I thought iAuthor might be something that would be important to me, but when I found out that it would only work with an iPad attached, I gave up on the Mac as my publishing platform. Amazon has a very capable piece of software that emulates a Kindle which I can use to view my work before I publish. There are some subtantial advantages to being on the Kindle platform so it did not take much to kill the idea of moving my books over to the iPad. While I am not a huge fan of Word, it seems to be the best tool with the most specific instructions for creating books to be published on the Kindle platform. I actually tried my older version of Word running on the Mac but it just made for some additional work.
Then there is the whole cloud issue. DropBox, Google Drive, and SkyDrive all work very well and do what I need. I have still not met anyone who loves iCloud. I know Apple keeps making some incremental changes to Photostreaming to make it palatable, but I have been burned too many times by Apple's ever changing online photo storage strategies. I do not care about iCloud anymore.
This August will mark thirty-one years since I first came to the Apple platform. I got excited about it because I could do things with that first Apple II+ and subsequent Macs that I could not easily do with other computers. That has changed and I did fight the change. Over the years I campaigned for a better and more reliable iPhoto and even a small tower that would more closely meet the needs of those of us who still believe that creating quality content requires more than an iPad or iPhone. I even sort of grew to like Pages before I decided it had become just another abandoned Apple software product.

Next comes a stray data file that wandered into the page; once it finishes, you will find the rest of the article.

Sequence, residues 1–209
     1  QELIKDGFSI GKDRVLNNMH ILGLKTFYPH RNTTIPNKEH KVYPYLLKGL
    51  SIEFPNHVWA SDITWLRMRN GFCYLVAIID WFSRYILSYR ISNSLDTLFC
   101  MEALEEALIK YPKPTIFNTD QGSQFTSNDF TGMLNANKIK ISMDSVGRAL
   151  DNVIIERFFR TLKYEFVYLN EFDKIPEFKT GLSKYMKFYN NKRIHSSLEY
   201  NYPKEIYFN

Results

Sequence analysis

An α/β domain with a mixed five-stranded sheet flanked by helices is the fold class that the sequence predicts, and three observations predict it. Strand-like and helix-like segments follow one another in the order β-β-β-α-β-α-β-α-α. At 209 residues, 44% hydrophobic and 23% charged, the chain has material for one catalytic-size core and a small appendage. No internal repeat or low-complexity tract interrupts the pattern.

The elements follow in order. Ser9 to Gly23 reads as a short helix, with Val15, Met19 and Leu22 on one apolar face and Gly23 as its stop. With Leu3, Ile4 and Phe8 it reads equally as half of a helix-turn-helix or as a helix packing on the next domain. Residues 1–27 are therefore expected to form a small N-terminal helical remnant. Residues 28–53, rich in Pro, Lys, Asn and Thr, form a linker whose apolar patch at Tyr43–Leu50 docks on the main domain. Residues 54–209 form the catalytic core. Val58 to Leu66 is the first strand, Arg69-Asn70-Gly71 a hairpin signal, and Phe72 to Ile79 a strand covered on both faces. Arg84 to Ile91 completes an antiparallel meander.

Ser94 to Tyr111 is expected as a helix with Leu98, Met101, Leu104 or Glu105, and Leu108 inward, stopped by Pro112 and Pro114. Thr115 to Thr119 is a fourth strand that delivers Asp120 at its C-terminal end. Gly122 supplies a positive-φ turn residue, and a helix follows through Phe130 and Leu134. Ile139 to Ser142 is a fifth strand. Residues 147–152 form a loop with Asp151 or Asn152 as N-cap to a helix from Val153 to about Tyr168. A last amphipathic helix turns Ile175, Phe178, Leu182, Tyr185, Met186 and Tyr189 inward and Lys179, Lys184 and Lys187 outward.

Even if Apple does come up with a tower, I likely will not be looking at it because I do not see a new version of Microsoft Office coming to the Mac in the near future. I have more hope that I will figure out how to use Google Docs to publish my books than I do that Microsoft is going to bring an upgraded version of Office to the Mac. It is not that I love Google more than Apple but they do update their core products regularly. Beyond the Office issue, Apple has become an expensive platform. If you want to argue with me on that consider first that I have purchased three I5 computers in the last six months, one Lenovo Ultra Book, one Lenovo tower, and one MacMini so I know what comes with each system. I am not really intrigued by ever thinner iMacs. I would rather have a more reliable one instead of the one in my equipment closet that died an early death.